OK, so that’s not a super elegant picture, but I really wanted to convey the awesome goo of this to you.
Because it’s JAPAN WEEK! And today I offer you this totally gaijin dessert recipe, featuring one of my favourite Japanese ingredients; Matcha powder. Matcha powder is an elegant and complex ingredient; a fine powder made from milled green tea leaves. Matcha is a high quality ingredient, with an almost mystical quality to it, and is the integral ingredient of the fabled Japanese tea ceremony.
So I made a chocolate fondant with it.
HEAR ME OUT! Because this is a delicious dessert. The fine, grassy quality of the matcha stands up incredibly well to the dark chocolate fondant. I mixed the matcha powder into a white chocolate truffle base, and then used these luridly green truffles in the centre of a traditional fondant base. Firstly – it is delicious. Secondly – it’s super easy. Two bowls, max (one for the truffles, one for the fondant mix).
And thirdly, don’t you think that these would be PERFECT FOR HALLOWEEN?!?!?!?!
That’s right folks – it’s a double whammy. Because not only do these fit in great with Japan Week this week, but look how awesome they would be for a grown up’s Halloween party! They’re chocolate cakes filled with GREEN GOO!
Delicious, sweet tea scented, japanese inspired green goo, made with the finest white chocolate. But green goo nonetheless!
Anyway, whether you’re interested in sampling a part of the rich and varied cultural history of Japan, or in creating a sophisticated dessert that also appeals to the kid in all of us, I really can’t recommend these enough. Even if you’re not a fan of green tea, I think this is a great gateway dessert. The tea is definitely present, but in a totally accessible way, next stop a matcha latte (and you should totally try one if you buy matcha powder) and then BAM, you’re a fully fledged matcha lover!
Anyway, I know these aren’t a very traditional choice for Japanese week, but I think they represent modern Japan well. In modern Japan, French pattisserie is extremely popular – and if you want to see some crazy pastries check out this guy – and traditional japanese ingredients like adzuki beans, black sesame and green tea are creatively incorporated.
Either way, my internet guru Lorraine says that the Japanese people have a long history of adapting recipes and food to suite their taste – so this is my contribution to that history! I think you will love these, give them a try!
One more thing!
[Don’t forget that if you want to get involved with JAPAN WEEK, you can create something and post it on your blog this week, and I will incorporate it into this weeks Sunday Supplements post, which, you guessed it, will be all about Japan! Even if you have an old post about Japan, let me know about it! Tweet me, or Tag me on Facebook, Instagram or Pinterest!]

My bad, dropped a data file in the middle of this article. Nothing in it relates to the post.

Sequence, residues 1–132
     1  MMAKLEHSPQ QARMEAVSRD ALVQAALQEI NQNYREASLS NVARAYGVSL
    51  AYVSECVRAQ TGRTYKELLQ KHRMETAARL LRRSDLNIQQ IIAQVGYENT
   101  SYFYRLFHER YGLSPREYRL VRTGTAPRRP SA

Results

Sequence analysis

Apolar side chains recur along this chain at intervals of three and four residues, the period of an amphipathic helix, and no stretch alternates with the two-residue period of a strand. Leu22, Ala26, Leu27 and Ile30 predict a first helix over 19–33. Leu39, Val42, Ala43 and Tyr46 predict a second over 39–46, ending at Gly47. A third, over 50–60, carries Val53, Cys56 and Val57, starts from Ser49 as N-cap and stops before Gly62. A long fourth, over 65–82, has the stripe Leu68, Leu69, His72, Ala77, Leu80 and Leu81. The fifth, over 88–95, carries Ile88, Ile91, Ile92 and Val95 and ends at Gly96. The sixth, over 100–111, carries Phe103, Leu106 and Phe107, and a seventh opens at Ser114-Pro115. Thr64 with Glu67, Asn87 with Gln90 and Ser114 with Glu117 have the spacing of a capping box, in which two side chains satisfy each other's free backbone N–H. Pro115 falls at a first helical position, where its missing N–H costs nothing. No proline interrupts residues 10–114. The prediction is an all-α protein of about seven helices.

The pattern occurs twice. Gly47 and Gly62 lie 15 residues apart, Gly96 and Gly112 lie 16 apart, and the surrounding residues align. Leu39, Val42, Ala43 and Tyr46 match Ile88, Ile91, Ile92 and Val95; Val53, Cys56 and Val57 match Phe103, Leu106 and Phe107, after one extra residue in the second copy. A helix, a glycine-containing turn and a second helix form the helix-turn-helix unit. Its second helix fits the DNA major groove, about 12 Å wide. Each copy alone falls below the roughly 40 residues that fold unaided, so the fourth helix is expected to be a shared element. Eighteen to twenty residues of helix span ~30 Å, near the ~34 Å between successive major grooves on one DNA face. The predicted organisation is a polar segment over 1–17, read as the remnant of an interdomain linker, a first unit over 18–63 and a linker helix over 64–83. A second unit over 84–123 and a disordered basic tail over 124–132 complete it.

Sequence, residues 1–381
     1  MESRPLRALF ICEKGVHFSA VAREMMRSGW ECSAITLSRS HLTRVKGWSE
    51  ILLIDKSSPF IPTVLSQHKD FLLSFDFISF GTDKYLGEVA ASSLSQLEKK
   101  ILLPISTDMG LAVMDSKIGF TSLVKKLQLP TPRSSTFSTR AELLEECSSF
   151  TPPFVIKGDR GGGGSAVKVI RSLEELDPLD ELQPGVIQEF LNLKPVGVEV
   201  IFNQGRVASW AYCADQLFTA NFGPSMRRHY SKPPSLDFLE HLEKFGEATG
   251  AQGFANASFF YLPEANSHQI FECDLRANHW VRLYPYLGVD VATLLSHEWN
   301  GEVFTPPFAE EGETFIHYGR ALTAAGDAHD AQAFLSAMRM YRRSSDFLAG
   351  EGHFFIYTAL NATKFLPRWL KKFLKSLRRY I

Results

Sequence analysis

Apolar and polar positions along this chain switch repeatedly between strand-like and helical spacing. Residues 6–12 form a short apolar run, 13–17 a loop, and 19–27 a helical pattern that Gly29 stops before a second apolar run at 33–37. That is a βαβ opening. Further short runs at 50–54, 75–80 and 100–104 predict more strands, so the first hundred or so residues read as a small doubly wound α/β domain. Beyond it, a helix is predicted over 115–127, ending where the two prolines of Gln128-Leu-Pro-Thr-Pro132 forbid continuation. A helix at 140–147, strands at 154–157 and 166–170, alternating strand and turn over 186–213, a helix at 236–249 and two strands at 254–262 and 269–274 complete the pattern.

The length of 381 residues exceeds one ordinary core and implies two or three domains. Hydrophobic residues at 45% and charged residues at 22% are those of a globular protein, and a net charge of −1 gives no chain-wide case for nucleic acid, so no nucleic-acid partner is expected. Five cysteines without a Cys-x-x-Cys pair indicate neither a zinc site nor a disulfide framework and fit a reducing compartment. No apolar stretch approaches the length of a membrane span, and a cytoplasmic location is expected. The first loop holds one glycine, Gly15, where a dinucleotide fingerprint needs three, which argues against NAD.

Chocolate Matcha Fondants
An original recipe by Sarah Coates for The Sugar Hit.
Makes 4 fondants.
85g (3 1/2oz) dark chocolate
85g (3 1/2oz) butter
85g (3 1/2oz) caster sugar
40g (1 1/2oz) plain flour
pinch of salt
75g white chocolate
1 tsp matcha powder
Grease four small ramekins very well, and place in the fridge. To make the fondant mixture, place the chocolate and butter in a large heat-proof bowl and melt them together either in the microwave or in a bain marie. Leave to cool briefly before mixing in the sugar and flour, followed by the three eggs. Place this mixture into the fridge to chill for 1 hour – this makes it easier to create melting-bellied fondants, but it can be skipped if you’re pressed for time, just reduce the baking time by 2 minutes and keep a watchful eye on the fondants.
In the meantime, melt the white chocolate in a small bowl in the microwave and then sift in the matcha powder and stir to combine. Place in the fridge for about 10-15 minutes – you want it to be just firm enough that you can roll it into four small truffles. Once the truffles are rolled, they too can chill in the fridge until the fondant mixture is ready.
When you’re ready to bake, preheat the oven to 180C/375F, for at least 15 minutes – the oven needs to be nice and hot before the fondants go in. Divide the fondant mixture between the four greased ramekins, and then press a green tea truffle into the middle of each one. Be sure to press them into the centre, but make sure they don’t touch the bottom of the ramekins, and then smooth over the fondant mix to ensure they are competely covered. Bake in the preheated oven for 15 minutes, and then let sit for a minute before turning them out onto plates and eating them!